In the whole of the game, only one metaphor hit home for me. Sometimes when you manage to reach another person's vault, you find it empty, pillaged by a previous robber. There's nothing to take away, and all the time and effort you've put into the endeavor has been wasted.
That doesn’t mean that nobody will, but as a gameplay experience it is bleak, brief, and terribly frustrating. It certainly makes you think, but not about anything very complex.
The Castle Doctrine is a statement game, to be sure, but the statement seems to be that the only way to win is to not play The Castle Doctrine.
By accepting that there is so little permanence at play in The Castle Doctrine, the almost overwhelming sense of uncertainty that pervades it becomes easier—and more satisfying—to cope with. In this way, what The Castle Doctrine offers is a brilliant but horrifying depiction of a risk society at war with itself.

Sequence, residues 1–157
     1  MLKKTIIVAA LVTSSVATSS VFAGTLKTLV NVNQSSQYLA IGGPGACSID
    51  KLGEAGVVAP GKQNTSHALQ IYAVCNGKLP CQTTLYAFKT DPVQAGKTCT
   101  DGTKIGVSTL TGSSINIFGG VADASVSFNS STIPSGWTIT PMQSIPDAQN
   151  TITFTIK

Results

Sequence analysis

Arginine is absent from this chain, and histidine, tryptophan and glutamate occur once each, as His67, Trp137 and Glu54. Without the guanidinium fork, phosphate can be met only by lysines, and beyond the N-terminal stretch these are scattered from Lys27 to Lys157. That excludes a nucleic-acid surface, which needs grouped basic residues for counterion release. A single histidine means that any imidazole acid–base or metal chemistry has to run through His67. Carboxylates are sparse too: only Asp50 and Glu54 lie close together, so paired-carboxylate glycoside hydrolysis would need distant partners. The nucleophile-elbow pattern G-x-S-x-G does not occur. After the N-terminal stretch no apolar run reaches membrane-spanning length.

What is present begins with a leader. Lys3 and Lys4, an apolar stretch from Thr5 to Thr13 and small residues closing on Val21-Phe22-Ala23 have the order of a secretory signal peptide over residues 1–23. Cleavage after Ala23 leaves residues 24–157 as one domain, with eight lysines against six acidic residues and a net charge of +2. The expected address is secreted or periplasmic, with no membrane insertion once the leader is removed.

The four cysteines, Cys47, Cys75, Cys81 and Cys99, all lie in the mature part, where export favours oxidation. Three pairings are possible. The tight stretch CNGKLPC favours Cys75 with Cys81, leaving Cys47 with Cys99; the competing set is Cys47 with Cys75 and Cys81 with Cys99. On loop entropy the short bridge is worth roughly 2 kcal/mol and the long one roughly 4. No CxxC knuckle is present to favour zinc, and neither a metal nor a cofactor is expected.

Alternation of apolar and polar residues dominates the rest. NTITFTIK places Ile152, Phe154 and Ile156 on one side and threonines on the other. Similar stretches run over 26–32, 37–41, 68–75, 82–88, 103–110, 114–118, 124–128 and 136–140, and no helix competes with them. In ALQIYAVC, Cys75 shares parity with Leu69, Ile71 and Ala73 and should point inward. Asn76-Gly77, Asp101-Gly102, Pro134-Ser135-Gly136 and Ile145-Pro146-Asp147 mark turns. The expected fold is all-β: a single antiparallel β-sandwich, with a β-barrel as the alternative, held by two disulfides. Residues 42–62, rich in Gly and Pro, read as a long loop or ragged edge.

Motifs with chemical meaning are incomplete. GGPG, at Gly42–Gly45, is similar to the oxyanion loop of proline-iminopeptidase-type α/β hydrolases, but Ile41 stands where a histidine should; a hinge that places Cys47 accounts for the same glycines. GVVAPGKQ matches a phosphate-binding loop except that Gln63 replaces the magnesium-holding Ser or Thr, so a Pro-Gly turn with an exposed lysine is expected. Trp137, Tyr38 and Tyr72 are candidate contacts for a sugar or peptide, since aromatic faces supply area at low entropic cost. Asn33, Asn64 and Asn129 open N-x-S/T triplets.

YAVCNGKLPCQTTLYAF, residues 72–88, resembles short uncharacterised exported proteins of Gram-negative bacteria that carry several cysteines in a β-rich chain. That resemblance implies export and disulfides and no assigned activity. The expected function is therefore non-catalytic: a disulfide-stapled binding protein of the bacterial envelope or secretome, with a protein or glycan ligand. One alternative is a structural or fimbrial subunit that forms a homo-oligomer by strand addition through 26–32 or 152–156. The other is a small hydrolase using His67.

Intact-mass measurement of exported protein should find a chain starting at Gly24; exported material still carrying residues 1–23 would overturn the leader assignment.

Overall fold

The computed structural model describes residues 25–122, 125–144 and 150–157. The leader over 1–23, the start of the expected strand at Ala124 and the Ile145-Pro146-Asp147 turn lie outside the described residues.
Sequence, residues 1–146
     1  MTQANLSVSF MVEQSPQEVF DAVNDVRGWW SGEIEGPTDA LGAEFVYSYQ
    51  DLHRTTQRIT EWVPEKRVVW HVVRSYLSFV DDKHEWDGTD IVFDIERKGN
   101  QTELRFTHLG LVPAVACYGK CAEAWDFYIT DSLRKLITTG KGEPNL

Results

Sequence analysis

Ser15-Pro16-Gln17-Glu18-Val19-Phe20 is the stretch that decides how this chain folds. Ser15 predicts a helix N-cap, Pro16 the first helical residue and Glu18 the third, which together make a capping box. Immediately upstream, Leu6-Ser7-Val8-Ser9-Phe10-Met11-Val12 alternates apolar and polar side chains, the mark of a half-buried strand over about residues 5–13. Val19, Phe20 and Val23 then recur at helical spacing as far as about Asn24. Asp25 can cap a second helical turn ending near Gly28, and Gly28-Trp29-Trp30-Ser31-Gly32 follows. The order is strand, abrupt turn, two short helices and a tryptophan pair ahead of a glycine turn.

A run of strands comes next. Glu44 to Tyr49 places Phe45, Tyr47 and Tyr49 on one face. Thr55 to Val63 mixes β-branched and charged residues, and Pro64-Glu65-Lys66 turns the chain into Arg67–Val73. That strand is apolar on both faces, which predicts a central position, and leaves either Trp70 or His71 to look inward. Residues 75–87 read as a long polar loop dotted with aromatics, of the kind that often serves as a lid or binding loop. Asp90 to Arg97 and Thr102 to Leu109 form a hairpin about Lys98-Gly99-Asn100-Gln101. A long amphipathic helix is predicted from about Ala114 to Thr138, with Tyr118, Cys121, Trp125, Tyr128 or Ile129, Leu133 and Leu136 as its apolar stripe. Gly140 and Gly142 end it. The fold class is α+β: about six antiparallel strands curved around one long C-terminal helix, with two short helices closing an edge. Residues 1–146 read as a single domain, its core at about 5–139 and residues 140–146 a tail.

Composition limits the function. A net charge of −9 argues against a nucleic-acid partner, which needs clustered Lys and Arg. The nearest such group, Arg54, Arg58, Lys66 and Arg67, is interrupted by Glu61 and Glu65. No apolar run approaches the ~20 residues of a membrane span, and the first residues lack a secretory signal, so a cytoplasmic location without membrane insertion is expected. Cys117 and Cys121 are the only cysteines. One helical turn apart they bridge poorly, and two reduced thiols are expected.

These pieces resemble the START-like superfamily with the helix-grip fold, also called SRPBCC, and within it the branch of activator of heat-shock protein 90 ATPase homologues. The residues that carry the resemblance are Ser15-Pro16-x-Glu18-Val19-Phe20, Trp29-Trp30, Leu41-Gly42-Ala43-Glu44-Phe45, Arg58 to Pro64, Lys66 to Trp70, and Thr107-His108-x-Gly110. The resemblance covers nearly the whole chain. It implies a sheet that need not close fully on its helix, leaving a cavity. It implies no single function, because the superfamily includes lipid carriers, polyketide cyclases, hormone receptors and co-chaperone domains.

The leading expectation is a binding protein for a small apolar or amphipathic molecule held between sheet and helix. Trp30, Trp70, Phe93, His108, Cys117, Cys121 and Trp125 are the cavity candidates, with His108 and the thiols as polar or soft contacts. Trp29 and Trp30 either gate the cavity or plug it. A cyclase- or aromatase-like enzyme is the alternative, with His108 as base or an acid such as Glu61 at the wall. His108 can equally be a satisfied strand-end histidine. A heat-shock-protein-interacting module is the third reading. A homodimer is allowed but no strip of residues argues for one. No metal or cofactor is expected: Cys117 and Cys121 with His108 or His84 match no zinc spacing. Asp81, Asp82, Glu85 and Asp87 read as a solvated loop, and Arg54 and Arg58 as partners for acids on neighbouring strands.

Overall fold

The Castle Doctrine’s best parts show, parts that scream originality. It’s not easy by any means, nor is it particularly intuitive, forgiving, or even enjoyable at times, but The Castle Doctrine makes the agony of defeat and the frustration of over-complexity meaningful, and in some ways, much more fun than what you’d expect it to be.
At times rewarding but ultimately frustrating, The Caste Doctrine is more of a psychological conversation starter than a game. Only if you're a masochist or put in the necessary time to master your defenses will you find real enjoyment in the gameplay.
Every player begins Castle Doctrine as a middle-aged man with a wife, two kids, $2,000, and access to a bevy of materials that could make a home a practically impregnable fortress. There were three kinds of walls, doors, switches, power sources, pits,...
The Castle Doctrine is an online home-invasion simulator that sets you up with a pixellated wife and two children, hands you $2,000, and asks you to create an elaborate deathtrap out of dogs, corridors, doorways, complicated switches and wiring,...